This April 9, 2014 file photo made during an escorted visit and reviewed by the US military, shows the razor wire-topped fence and a watch tower at the abandoned "Camp X-Ray" detention facility at the US Naval Station in Guantanamo Bay, Cuba.
Mladen Antonov/AFP/Getty

Another Guantanamo detainee returns home

A Kuwaiti man was released Wednesday after being held for nearly 13 years without trial at the military prison at Guantanamo Bay.

37-year-old Fawzi al Odah is the first detainee to go home after taking his case before the Periodic Review Board (PRB), a process by which a committee reviews the conditions and circumstances of prisoners’ detention. He is the seventh Guantanamo prisoner released this year.

The PRBs have been compared to parole board hearings, although the vast majority of the men still held at Guantanamo have never been charged with any crime, let alone convicted. 148 men remain at the island prison, and 79 have already been cleared for transfer or release.

More transfers are reportedly coming, and a recent report from The Wall Street Journal suggested that Obama is once again looking for ways to empty the prison. But time is running out on Obama’s presidency, and with Republicans set to control both houses of Congress for the rest of his term, shuttering one of the most shameful relics of the U.S. war on terror will not get easier.

“If Americans could see the truth about what is really going on … [they would] shutter the prison and never tread that way again.”
Cori Crider, human rights lawyer
Obama has been promising to close Guantanamo since he signed an executive order demanding it be shut down on one of his first days in office. He reiterated that promise in a major national defense speech last year, but progress has remained slow. The board that reviewed Odah’s case only began hearing cases last fall, more than two and a half years after Obama signed an executive order to establish the review process.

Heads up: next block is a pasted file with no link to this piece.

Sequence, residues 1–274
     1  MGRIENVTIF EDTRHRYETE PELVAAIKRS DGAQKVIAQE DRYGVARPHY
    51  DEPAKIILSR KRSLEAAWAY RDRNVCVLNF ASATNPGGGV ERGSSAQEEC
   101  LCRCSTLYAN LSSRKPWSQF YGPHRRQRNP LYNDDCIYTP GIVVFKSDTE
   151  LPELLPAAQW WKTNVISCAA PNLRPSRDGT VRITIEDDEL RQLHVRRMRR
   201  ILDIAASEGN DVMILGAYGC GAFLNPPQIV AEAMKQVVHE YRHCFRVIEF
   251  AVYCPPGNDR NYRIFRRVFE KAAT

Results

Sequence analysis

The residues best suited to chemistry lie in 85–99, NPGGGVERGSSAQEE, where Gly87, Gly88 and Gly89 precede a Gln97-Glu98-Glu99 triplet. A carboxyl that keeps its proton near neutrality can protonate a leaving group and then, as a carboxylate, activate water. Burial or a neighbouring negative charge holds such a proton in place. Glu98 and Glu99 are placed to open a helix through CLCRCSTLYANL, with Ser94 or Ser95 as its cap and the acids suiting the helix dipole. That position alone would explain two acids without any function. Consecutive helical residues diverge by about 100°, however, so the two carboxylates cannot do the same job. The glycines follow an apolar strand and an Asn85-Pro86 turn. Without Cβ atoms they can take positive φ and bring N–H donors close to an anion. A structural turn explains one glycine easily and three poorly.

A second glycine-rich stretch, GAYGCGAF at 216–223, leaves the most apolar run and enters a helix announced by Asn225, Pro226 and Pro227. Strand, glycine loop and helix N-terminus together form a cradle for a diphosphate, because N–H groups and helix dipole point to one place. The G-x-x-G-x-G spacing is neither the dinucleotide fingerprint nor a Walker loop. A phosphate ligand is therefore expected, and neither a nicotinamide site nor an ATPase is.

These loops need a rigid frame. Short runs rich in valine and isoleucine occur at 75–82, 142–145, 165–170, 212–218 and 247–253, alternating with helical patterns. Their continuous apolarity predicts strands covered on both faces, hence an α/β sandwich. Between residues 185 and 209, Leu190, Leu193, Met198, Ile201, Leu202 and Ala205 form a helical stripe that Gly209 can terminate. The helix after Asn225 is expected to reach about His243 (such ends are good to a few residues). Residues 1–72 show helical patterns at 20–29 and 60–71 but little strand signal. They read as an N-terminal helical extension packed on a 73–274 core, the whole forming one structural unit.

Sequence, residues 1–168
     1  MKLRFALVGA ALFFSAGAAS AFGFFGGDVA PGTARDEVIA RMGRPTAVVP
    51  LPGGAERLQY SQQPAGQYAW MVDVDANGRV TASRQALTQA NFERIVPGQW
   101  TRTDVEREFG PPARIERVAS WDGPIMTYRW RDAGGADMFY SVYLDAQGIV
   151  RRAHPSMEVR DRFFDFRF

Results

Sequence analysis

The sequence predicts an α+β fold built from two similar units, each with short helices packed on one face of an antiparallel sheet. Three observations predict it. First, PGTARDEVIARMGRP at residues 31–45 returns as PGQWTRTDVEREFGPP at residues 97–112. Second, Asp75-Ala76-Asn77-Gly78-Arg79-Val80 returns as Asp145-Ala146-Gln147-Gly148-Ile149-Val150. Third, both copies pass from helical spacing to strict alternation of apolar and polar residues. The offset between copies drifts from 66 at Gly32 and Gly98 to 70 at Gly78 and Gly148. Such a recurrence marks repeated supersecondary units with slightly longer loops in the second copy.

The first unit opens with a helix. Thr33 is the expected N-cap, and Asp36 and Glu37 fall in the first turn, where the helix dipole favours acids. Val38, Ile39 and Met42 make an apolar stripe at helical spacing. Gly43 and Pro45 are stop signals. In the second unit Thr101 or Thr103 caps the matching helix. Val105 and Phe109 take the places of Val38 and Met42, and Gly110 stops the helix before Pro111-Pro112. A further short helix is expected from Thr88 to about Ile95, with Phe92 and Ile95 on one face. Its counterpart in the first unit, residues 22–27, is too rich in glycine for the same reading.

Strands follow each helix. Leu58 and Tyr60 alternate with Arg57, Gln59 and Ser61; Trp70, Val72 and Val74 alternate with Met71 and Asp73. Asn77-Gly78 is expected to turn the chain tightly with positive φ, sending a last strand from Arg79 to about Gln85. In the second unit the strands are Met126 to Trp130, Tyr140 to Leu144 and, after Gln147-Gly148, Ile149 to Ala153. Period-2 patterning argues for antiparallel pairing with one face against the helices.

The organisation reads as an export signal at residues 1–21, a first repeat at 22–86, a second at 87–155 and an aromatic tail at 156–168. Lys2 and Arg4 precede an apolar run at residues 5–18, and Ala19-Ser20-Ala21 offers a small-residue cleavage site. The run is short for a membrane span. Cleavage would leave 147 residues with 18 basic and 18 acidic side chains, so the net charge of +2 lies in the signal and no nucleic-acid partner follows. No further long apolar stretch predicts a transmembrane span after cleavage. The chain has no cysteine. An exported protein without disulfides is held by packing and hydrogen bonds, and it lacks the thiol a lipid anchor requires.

It’s easy to imagine a scenario in which Republicans use their newly won power to make it harder to close Guantanamo. While Senate Republicans were in the minority, they supported amendments to the National Defense Authorization Act that made it more difficult to transfer detainees from the prison and banned bringing them to the United States. They also fought changes that eased transfer restrictions last year. Senate Republicans were also outraged in May, when Obama traded five Taliban detainees for American POW Bowe Bergdahl without notifying them 30 days in advance.

If Congress puts more restrictions on prisoner transfers, an already slow process could again grind to a complete halt. Releasing prisoners at a faster pace now could help the President prepare for the looming political fight over what to do with prisoners the U.S. does not plan to release.

Republican Sen. Pat Roberts of Kansas spent the last days of his tough reelection campaign railing against the possibility that detainees might be brought to Fort Leavenworth, despite no plans to do so.

Regardless of whether the release of Odah is finally the beginning of the end of Guantanamo after years of false starts, the government continues to fight attempts to bring transparency to allegations of prisoner mistreatment. In addition to the ongoing battle over the release of the Senate report on CIA torture, the Obama administration is fighting a judge’s order to release ten hours of footage that shows a hunger-striking Guantanamo detainee being removed from his cell and force-fed.

Cori Crider, a lawyer representing Guantanamo detainees for human rights group Reprieve, which is suing for the release of the tapes, told msnbc that releasing more prisoners is necessary, but that the public needs to know what conditions are really like.

“It’s a relief to see a Gitmo prisoner finally going home, and I very much hope we see more released before the end of the year,” Crider said in an email. “I also firmly believe that if Americans could see the truth about what is really going on at the base … the majority of them would understand that we need to shutter the prison and never tread that way again. What is happening to the men in Gitmo is a stain on our honor – not just from the bad old days, but today, in 2014. It needs to be closed.”

Guantanamo and Human rights

Another Guantanamo detainee returns home